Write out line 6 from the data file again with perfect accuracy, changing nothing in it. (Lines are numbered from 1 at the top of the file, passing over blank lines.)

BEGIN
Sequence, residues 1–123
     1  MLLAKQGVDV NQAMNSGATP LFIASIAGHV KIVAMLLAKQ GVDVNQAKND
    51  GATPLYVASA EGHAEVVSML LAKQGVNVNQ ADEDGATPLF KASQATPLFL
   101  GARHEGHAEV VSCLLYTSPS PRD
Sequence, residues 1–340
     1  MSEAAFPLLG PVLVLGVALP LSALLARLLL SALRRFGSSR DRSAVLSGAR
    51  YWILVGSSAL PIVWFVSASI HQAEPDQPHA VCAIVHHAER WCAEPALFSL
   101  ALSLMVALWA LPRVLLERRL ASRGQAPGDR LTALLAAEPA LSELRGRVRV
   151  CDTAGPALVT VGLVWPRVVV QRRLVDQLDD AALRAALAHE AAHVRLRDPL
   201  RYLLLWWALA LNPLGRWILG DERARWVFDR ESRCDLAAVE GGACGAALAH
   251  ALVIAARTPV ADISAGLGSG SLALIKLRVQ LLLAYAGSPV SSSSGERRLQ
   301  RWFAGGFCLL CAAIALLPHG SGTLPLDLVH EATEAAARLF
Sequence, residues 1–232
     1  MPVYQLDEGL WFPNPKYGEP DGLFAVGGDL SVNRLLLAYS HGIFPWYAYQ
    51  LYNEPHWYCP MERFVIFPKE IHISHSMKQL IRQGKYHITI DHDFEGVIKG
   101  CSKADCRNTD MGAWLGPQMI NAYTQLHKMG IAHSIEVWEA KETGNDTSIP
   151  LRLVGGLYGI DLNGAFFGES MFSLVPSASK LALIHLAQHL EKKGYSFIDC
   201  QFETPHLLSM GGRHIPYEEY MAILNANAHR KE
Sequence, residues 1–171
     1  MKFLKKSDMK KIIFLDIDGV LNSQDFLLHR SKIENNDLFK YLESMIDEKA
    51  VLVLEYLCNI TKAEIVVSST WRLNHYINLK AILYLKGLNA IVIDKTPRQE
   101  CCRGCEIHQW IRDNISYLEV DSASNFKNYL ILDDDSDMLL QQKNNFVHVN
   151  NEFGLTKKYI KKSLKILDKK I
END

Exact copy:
     1  MSEAAFPLLG PVLVLGVALP LSALLARLLL SALRRFGSSR DRSAVLSGAR